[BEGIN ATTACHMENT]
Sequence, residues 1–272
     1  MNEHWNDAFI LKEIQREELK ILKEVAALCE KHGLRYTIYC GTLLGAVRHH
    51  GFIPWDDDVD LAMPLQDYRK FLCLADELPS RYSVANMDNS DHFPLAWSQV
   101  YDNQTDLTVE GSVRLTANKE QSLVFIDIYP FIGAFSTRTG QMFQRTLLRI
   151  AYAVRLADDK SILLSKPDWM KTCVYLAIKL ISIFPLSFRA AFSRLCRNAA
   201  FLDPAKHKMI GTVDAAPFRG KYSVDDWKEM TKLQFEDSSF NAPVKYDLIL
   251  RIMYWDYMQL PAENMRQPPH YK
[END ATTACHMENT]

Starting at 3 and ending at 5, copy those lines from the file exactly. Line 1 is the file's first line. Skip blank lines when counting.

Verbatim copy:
    51  GFIPWDDDVD LAMPLQDYRK FLCLADELPS RYSVANMDNS DHFPLAWSQV
   101  YDNQTDLTVE GSVRLTANKE QSLVFIDIYP FIGAFSTRTG QMFQRTLLRI
   151  AYAVRLADDK SILLSKPDWM KTCVYLAIKL ISIFPLSFRA AFSRLCRNAA